A DNR order is a “Do Not Resuscitate order. This can be used as part of an estate plan. A person who has a DNR order on file does not want to be resuscitated by medical professionals when they stop breathing or when their heart stops beating. This typically means that they don’t want CPR, but it could also refer to other types of resuscitation.
Often, people use a DNR order because they simply believe that this type of medical intervention goes too far. Maybe they’re concerned about long-term health issues or having a low quality of life if they’re kept on life-support. They do want medical assistance at the hospital, but if things go that far, then they have accepted that it is just their time.
There may be better ways to do it
There are some problems with using a DNR order, starting with the fact that you would be incapacitated at the time. You would not know if there were any other details from your medical case that would mean you do want to be resuscitated – such as if the doctors claim you wouldn’t need to be on life support and that you would have a high quality of life.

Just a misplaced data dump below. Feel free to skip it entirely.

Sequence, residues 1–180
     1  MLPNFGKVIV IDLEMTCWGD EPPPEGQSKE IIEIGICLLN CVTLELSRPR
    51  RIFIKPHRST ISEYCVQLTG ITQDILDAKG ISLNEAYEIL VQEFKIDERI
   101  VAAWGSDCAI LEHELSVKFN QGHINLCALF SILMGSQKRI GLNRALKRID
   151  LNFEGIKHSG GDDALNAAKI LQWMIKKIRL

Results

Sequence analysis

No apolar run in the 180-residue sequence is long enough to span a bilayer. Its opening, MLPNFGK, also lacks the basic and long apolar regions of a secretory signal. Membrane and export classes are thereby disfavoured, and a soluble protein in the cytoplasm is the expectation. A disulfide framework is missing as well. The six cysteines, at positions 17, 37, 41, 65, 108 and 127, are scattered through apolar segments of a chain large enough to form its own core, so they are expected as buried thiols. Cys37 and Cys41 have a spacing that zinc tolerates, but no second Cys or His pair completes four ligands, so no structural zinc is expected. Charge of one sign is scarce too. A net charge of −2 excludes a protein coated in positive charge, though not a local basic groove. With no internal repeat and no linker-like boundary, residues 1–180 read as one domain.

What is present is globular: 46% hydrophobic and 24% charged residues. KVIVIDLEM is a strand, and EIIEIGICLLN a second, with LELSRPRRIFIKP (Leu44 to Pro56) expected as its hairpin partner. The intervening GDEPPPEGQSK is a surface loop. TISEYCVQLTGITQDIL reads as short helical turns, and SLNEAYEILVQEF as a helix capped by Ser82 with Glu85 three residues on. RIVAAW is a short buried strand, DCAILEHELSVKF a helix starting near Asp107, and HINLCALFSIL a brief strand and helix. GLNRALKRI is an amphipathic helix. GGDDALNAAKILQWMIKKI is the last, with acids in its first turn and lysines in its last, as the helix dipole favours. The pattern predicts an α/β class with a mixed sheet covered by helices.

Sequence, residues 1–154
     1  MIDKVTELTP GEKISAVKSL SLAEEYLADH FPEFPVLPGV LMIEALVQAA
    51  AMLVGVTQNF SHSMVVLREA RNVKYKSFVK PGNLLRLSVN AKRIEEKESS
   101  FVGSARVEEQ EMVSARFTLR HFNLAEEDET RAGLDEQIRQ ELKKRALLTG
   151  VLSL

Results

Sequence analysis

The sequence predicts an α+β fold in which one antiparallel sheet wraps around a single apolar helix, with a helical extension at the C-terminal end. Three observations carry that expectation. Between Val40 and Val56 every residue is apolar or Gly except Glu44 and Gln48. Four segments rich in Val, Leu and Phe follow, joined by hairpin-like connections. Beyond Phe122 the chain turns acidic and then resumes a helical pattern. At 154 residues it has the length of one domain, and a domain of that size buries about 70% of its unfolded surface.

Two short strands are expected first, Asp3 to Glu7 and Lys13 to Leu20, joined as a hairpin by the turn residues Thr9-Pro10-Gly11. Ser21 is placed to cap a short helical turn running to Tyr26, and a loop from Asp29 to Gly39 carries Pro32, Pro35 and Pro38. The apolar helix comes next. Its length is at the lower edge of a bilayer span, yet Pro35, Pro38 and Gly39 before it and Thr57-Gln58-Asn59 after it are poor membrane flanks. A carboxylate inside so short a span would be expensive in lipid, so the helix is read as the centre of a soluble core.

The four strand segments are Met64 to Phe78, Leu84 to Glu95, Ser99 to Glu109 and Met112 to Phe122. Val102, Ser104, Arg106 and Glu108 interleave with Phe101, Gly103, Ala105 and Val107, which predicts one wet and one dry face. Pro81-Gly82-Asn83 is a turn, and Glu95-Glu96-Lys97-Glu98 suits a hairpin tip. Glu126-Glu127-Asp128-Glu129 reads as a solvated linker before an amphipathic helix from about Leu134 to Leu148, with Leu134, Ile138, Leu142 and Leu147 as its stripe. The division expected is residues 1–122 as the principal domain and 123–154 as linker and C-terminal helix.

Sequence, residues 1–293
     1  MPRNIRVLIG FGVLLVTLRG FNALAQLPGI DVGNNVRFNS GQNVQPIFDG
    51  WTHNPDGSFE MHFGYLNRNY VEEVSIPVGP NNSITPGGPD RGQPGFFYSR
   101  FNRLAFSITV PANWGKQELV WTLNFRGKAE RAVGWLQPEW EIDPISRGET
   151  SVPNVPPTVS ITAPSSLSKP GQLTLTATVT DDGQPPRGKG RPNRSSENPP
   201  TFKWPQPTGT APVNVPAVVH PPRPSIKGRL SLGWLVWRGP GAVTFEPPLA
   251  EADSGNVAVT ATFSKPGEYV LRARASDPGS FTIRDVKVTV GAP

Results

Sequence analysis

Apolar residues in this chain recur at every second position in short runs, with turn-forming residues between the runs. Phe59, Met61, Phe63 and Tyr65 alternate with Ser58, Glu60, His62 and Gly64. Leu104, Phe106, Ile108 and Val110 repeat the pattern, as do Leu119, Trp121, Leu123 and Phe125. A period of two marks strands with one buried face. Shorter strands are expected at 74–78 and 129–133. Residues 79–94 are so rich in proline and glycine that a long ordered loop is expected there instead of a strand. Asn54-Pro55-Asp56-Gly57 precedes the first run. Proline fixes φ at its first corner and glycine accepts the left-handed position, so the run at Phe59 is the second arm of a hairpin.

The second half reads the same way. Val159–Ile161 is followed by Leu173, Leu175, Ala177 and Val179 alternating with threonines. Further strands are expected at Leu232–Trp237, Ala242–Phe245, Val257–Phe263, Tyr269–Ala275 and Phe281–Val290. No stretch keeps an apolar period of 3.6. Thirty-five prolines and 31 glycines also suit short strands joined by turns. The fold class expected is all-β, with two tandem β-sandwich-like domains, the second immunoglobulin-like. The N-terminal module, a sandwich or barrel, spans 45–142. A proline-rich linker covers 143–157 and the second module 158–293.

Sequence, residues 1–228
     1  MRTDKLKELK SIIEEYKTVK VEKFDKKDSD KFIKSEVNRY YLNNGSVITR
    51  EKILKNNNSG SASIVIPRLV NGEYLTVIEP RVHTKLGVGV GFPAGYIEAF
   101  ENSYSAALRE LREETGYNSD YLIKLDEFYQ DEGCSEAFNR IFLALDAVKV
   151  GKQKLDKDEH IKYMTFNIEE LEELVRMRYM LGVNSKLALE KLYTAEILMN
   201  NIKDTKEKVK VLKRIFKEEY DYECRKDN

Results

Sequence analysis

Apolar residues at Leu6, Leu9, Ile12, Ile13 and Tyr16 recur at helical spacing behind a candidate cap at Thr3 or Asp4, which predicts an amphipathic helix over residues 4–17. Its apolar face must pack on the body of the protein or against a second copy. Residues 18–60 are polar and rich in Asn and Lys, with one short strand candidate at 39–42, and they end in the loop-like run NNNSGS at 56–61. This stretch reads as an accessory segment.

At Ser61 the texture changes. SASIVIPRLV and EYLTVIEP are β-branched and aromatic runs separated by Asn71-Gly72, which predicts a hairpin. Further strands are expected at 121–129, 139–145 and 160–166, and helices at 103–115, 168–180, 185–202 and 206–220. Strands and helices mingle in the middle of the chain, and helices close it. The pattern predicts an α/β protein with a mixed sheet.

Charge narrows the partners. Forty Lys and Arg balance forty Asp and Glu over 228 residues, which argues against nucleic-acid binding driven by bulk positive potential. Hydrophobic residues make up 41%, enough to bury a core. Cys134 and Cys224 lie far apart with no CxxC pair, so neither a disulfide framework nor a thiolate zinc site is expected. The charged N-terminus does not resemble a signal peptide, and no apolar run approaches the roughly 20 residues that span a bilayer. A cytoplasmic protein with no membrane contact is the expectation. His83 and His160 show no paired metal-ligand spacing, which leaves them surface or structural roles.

As such, it may be wiser to use something like a medical power of attorney. You can choose an agent who understands what you want and don’t want, and they can make those decisions for you if necessary. You could also use something like an advance directive or a living will. This also lets you list instructions for the medical team about your treatment, but you can go far beyond simply not being resuscitated.
All of these tools can be beneficial as you craft an estate plan. Take the time to look into all of your options carefully.